4. Allow communities to self-manage, subject to a regular audit by an independent body that ensures they meet certain standards of egalitarianism (no cults), social and environmental responsibility, and quality of life. Certification as a self-managed community would allow you to run your own schools, health facilities and any other local, county and state government functions of your choosing, and to opt out of paying the commensurate taxes to those governments. Such communities could also elect to have their own currency, or a currency shared with other self-managed communities.

This is a bottom-up prescription for change. Over time, more and more of the economy and people’s political and social life would revolve around intentional communities, natural enterprises and information markets. The world would become much more local, more egalitarian, more networked and more responsible. Large corporations selling heavily-hyped products trucked halfway around the world to exploit cheap and unregulated material and labour markets would soon find they were irrelevant, unable to compete with products crafted with pride by local entrepreneurs and distributed inexpensively through the Generosity Economy. Although national governments would still be needed as regulators of community welfare and commerce, other levels of government would eventually disappear into irrelevance as well.

It is telling that Christensen’s study of disruptive innovation finds that almost all such innovation occurs quietly from below, rather than trying to compete head-on with existing companies’ well-established and fiercely defended and promoted products. With information markets, natural enterprises and intentional communities we can quietly disrupt and replace not only the rapacious multi-national corporations and the distorted and dysfunctional economy they thrive in, but the bureaucratic, inept and often corrupt governments that support them. All from below.

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12 Responses to How to Disrupt and Replace the (Distorted) ‘Market’ Economy

  1. Raging Bee says:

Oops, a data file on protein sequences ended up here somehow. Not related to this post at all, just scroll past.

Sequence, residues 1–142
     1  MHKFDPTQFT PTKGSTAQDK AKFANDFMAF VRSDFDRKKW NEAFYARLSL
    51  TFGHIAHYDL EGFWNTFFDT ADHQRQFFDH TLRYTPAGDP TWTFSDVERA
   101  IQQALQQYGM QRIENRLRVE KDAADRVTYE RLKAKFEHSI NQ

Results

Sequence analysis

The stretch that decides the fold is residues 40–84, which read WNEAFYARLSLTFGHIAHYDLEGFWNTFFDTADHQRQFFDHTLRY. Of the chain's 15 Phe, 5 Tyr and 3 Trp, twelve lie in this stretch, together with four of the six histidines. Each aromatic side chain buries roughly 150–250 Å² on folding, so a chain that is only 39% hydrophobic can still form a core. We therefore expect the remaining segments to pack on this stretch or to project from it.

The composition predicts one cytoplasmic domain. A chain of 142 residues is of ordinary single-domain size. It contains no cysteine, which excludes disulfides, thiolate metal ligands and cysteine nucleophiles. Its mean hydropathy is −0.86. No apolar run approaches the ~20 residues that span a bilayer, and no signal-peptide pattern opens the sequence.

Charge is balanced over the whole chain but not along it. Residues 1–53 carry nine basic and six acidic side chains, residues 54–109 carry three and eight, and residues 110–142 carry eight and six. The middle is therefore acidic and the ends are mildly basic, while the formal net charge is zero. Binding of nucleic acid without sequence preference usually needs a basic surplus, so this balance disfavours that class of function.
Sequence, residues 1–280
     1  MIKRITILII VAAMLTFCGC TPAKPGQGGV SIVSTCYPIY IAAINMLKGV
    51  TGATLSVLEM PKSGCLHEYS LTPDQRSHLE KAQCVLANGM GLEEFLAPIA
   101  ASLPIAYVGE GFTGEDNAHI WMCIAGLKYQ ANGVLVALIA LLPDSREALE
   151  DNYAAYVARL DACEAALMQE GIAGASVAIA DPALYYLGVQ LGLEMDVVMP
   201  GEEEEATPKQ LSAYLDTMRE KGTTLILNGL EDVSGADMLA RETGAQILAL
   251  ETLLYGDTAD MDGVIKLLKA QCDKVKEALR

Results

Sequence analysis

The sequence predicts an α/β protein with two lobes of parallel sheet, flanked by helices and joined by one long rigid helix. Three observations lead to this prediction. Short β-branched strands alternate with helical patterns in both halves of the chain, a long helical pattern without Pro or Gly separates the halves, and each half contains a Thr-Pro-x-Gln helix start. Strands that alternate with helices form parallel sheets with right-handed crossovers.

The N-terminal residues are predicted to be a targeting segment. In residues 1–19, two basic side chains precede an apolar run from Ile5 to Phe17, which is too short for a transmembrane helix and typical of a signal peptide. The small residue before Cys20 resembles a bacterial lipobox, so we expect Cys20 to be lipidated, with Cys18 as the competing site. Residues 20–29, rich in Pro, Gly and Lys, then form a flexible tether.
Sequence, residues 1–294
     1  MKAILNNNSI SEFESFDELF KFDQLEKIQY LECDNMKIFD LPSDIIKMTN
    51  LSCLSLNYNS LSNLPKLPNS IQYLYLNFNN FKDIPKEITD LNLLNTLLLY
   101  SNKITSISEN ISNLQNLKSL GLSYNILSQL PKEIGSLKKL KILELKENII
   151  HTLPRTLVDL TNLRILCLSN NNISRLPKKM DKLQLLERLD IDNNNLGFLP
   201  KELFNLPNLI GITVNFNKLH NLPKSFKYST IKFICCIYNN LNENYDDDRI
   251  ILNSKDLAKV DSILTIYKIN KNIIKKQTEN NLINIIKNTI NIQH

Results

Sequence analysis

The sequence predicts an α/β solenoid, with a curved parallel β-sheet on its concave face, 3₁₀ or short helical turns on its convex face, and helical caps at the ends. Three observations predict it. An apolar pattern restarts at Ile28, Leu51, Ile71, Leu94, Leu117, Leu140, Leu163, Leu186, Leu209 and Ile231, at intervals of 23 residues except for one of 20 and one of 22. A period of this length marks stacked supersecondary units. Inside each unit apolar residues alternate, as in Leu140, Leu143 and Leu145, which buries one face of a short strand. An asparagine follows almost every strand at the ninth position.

Like most other “progressives” who want to believe they can have the benefits of capitalism without all that messy capitalism stuff, you’re trying to blame everything bad about capitalism on a small, non-specific conspiracy of evil big corporations, in order to pretend that all we have to do is overthrow them and everything will be perfect evermore. Been there, done that, never worked.Demand for a product does not ensure that someone will enter the market to supply it — large suppliers at every level of the economy, from manufacturing to retail, conspire (e.g. by restricting access to shelf space and the media) to ensure that small and new players cannot enter the market unless they are exceptionally clever, patient and wealthy.Yes, big business is partly to blame, but so are consumers who either want to save money in the short term with the established product, or don’t want to risk wasting money on something untried.The price for a product is not where the supply and demand curves overlap, but rather the highest price the suppliers, by oligopoly agreement, can extort from buyers.This is like saying “It’s not six, it’s a half-dozen” and pretending there’s a difference between the two. The highest price the seller can get is, by definition, “where the supply and demand curves overlap,” unless there is a specific oligopolistic conspiracy, which you have not described. If you want to prove an oligopolistic conspiracy, you should at least tell us specifically what economic niche, sector, or product line you’re talking about.The desire of consumers for socially and environmentally responsible products is not accommodated in the market — because such responsibility has a cost associated with it, suppliers will always seek to use the cheapest materials and the cheapest labour from the most unregulated parts of the world, even if that entails bribing local officials to deregulate or not enforce what regulations exist.And why do suppliers do this? Because consumers also want to save money, because — surprise!! — it doesn’t grow on trees. Suppliers are responding to consumer desires, and no amount of conspiracy talk will make this fact go away. Confusing need with greed won’t help anyone.Suppliers are interested only in maximizing return on investment for their executives and shareholders, not in customer satisfaction or product quality.Which suppliers are you talking about? Some products are of higher quality than others, and some suppliers are, for a variety of reasons, more responsive to consumers than others.…The introduction of a Generosity Economy…working together in their collective interest toa) ensure that all citizens have everything they need for a comfortable subsistence life free of charge, b) enable people with time and personal talents and other gifts to produce things and share them with people who can benefit from them, free of charge, peer-to-peer or through public institutions like libraries, public broadcasters and public research programs, while compensating those who give much more than they receive…Yeah, right, everyone gets everything for free, but somehow hard work will be rewarded. If everything is free of charge, then how do people get compensated for providing what others need? And who decides whom to reward for giving more than they receive? Perhaps this “generosity economy” should be renamed a “manipulate your neighbor into giving you stuff for free, pay him what you feel like paying him, or not, and hope your neighbors don’t shaft you in your turn” economy.Lenin tried this sort of thing at the beginning of the last century, and it failed miserably.